This article needs a plot summary.(March 2021)
|Bowery to Broadway|
|Directed by||Charles Lamont|
|Written by|| Arthur T. Horman |
|Based on||story by Joseph and Lytton|
|Produced by||John Grant|
|Starring|| Maria Montez |
|Cinematography||Charles Van Enger|
|Edited by||Arthur Hilton|
|Music by||Edward Ward|
|Distributed by||Universal Pictures|
|November 3, 1944|
|Budget||over $1 million |
Bowery to Broadway is a 1944 American film starring Maria Montez, Jack Oakie, and Susanna Foster. Donald O'Connor and Peggy Ryan also had a small specialty act, and it was the only film they were in together where they didn't have a name or character.
The movie was made to showcase the singing talent at Universal. Montez only has a small role. 
In June 1943 John Grant, who normally wrote for Abbott and Costello, was assigned to produce a film to cover the history of Broadway.  It was going to be called Hip Hip Hooray and was budgeted at $1 million and shot in color. Edmund Joseph and Bart Lyton were assigned to do the script.  In December 1943 it was announced Arthur Lubin would direct. 
Filming started 1 May 1944.  It was a rare non "exotic" role for Maria Montez. 
Donald David Dixon Ronald O'Connor was an American dancer, singer and actor. He came to fame in a series of films in which he co-starred with Gloria Jean, Peggy Ryan, and Francis the Talking Mule.
María África Gracia Vidal, known as the Queen Of Technicolor and Maria Montez, was a Dominican motion picture actress who gained fame and popularity in the 1940s starring in a series of filmed-in-Technicolor costume adventure films. Her screen image was that of a seductress, dressed in fanciful costumes and sparkling jewels. She became so identified with these adventure epics that she became known as The Queen of Technicolor. Over her career, Montez appeared in 26 films, 21 of which were made in North America, with the last five being made in Europe.
Margaret O'Rene Ryan was an American dancer and actress, best known for starring in a series of movie musicals at Universal Pictures with Donald O'Connor and Gloria Jean.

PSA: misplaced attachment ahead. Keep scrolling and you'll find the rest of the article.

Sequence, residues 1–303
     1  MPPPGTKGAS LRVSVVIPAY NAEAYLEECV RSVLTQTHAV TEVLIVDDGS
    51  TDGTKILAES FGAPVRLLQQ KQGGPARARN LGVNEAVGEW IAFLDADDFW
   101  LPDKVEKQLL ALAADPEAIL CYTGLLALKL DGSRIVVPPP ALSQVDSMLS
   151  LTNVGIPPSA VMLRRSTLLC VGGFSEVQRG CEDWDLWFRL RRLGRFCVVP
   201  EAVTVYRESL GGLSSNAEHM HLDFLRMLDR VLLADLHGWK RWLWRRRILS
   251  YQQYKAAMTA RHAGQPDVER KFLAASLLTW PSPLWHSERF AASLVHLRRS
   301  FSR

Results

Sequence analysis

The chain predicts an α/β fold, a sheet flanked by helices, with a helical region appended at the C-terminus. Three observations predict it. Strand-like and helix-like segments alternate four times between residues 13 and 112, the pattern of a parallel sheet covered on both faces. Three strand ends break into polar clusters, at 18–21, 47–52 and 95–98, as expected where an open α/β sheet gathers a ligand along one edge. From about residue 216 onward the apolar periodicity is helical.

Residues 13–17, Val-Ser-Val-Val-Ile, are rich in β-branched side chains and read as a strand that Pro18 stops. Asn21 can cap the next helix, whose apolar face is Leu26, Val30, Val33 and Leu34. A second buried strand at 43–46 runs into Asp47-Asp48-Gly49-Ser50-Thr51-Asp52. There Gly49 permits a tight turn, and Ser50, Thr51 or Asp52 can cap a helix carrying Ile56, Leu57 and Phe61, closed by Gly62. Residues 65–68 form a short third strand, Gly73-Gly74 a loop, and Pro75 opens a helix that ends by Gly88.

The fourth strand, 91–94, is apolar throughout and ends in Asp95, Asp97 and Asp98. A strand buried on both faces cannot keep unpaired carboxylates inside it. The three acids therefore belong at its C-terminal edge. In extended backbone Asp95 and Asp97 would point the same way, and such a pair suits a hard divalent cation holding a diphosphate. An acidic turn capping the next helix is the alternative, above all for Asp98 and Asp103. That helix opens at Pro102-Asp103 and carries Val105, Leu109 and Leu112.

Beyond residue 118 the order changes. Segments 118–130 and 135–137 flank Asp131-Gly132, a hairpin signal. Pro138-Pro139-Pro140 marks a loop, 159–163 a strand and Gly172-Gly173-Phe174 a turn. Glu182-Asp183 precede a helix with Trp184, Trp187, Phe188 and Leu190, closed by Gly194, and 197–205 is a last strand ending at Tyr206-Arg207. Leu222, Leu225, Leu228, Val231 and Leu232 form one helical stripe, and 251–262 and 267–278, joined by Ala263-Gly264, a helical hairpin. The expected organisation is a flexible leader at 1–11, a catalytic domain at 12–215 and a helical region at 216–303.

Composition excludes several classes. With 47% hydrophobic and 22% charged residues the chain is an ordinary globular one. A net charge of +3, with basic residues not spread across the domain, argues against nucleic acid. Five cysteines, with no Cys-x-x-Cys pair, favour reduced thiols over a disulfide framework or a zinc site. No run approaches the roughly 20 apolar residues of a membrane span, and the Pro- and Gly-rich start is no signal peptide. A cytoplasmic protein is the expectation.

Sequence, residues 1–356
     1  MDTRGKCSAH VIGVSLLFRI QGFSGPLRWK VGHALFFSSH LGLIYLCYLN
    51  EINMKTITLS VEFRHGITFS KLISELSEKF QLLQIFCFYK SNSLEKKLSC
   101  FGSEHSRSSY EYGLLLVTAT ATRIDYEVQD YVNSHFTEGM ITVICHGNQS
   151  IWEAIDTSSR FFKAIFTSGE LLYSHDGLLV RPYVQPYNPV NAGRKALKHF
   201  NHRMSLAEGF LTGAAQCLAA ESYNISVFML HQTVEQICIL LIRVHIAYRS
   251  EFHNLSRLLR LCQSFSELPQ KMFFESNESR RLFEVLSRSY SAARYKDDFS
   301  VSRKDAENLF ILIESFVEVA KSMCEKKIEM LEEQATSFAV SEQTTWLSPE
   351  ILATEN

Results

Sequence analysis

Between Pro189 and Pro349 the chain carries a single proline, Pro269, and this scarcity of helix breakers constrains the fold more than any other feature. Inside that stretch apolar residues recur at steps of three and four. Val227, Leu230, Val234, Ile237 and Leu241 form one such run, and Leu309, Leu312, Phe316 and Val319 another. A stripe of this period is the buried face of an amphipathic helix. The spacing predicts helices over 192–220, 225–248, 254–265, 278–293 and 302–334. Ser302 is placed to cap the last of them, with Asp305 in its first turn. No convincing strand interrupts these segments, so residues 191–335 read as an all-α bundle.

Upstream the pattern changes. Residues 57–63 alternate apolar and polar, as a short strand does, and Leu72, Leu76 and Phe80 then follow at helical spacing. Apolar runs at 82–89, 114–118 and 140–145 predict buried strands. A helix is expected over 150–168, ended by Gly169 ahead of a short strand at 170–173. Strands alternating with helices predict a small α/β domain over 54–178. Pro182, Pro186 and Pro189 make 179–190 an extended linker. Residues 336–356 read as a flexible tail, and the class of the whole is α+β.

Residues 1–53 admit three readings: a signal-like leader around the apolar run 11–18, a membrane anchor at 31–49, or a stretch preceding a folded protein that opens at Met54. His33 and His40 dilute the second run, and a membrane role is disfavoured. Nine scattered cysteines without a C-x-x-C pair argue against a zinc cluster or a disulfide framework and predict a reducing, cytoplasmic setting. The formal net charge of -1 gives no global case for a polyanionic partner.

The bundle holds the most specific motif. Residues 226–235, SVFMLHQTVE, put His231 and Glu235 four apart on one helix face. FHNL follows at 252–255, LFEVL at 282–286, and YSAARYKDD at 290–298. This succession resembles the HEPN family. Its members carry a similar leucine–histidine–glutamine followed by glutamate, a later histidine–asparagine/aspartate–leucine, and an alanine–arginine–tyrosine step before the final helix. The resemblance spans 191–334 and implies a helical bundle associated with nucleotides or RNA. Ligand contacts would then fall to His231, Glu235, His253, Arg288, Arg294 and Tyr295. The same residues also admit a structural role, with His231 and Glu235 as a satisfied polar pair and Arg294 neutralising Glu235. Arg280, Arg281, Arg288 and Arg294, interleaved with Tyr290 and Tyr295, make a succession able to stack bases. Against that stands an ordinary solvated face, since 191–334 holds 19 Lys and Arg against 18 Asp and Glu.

Ann Marie Blyth is an American retired actress and singer. For her performance as Veda in the 1945 Michael Curtiz film Mildred Pierce, Blyth was nominated for an Academy Award for Best Supporting Actress. She is one of the last surviving stars from the Golden Age of Hollywood.
Turhan Bey was an Austrian-born actor of Turkish and Czech-Jewish origins. Bey was active in Hollywood from 1941 to 1953. He was dubbed "The Turkish Delight" by his fans. After his return to Austria, he pursued careers as a photographer and stage director. Returning to Hollywood after a 40-year hiatus, he made several guest appearances in 1990s television series including SeaQuest DSV, Murder, She Wrote and Babylon 5 as well as a number of films. After retiring he appeared in a number of documentaries, including a German-language documentary on his life.
Cobra Woman is a 1944 American South Seas adventure film from Universal Pictures, directed by Robert Siodmak that stars Maria Montez, Jon Hall, and Sabu. Shot in Technicolor, this film is typical of Montez's career at Universal, and, although mostly forgotten today by the general public, is venerated by film buffs as a camp classic for its legendary phallic snake-dance and Montez's words: "Geev me that Cobra jewl (sic)".